The measurement tool builds from our writing and experience in relationship management, monitoring of word of mouth and our conceptualizing
in person-to-person advocacy (Pruden and Vavra 2010).
Oversight of private online customer communities provides all sorts of participation-based information. The statistics that can be collected on members' visits and involvement (e.g., frequency of visits, duration of visits, and "quality" of visits – degree of contribution) are readily available yet are often treated as discardable.

Rarely are they properly interpreted for the insight or trends they might yield. But this plentiful information also poses problems. The items provide
a look in the rearview mirror rather than a projection of where a community is heading. They describe reality but fail to provide an understanding
or explanation for the behavior that's being observed.
To overcome these hurdles, the ideal engagement index should complement observable data with attitudes collected directly from community members. These data points, which we call "emotionals," add considerable value to the observables through their ability to help explain movements and trends within the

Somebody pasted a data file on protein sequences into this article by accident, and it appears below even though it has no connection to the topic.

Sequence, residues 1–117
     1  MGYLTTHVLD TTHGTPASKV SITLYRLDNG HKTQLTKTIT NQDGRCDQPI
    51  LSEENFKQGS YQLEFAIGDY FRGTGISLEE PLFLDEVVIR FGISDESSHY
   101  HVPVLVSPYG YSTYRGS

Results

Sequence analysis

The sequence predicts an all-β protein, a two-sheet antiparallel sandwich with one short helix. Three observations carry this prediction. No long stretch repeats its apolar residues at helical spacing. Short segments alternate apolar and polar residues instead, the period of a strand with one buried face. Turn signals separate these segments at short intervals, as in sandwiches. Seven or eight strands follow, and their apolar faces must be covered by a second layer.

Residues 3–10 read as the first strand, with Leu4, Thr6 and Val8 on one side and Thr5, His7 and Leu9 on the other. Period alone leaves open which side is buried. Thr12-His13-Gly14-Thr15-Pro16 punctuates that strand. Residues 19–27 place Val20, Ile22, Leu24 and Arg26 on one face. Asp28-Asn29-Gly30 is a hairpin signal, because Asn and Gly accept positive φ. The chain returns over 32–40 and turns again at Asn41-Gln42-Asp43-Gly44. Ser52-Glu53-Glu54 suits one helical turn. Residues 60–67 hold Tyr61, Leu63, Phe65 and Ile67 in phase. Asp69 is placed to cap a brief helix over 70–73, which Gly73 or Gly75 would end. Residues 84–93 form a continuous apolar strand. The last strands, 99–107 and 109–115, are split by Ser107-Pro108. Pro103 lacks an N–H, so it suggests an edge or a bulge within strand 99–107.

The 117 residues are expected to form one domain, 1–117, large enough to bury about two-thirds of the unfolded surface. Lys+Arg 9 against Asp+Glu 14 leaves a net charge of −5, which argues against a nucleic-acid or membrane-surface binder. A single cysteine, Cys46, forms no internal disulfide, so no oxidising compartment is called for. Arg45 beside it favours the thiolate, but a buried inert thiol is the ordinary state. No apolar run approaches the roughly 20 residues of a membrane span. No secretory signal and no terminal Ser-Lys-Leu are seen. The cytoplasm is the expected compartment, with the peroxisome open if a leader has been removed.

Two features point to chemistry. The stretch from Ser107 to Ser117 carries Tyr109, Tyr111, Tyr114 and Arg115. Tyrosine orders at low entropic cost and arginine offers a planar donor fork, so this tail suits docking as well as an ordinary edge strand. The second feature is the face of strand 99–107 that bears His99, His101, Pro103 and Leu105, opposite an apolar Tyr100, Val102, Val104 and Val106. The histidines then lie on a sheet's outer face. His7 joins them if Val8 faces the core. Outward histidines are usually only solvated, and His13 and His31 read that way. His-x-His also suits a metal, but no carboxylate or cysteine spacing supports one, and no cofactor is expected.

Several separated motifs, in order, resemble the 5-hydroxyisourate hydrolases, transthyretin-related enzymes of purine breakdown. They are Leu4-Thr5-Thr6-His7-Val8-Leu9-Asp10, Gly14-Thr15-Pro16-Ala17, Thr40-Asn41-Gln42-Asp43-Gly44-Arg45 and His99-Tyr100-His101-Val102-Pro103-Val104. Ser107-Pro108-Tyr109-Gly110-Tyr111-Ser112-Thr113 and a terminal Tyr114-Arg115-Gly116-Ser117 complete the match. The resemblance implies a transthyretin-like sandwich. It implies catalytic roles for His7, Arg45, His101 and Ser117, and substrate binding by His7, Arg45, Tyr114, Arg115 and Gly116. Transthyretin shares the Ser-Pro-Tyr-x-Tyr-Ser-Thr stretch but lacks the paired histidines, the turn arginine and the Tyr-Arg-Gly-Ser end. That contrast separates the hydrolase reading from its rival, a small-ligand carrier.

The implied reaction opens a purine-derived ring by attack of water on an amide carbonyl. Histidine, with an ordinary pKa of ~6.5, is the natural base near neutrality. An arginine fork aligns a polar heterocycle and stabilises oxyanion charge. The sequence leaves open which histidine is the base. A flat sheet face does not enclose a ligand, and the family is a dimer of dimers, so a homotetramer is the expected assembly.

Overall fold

observables. For example, consider a community in which the number of active members is decreasing.
Observables can only report that attrition is increasing; they can't tell us why. But, if the proper emotional measures are also being collected on
a periodic basis, the sponsor will have considerable information from which to diagnose problems and from which to quickly make remedial
changes in the management or tasking of the community.

Not recognized to have value

Most managers of private online customer communities have available (or already collect) a wealth of behavioral information. However, in most cases
this information is not recognized to have the value it really offers. Instead, this information is considered a by-product by the technical staff who are managing the communities.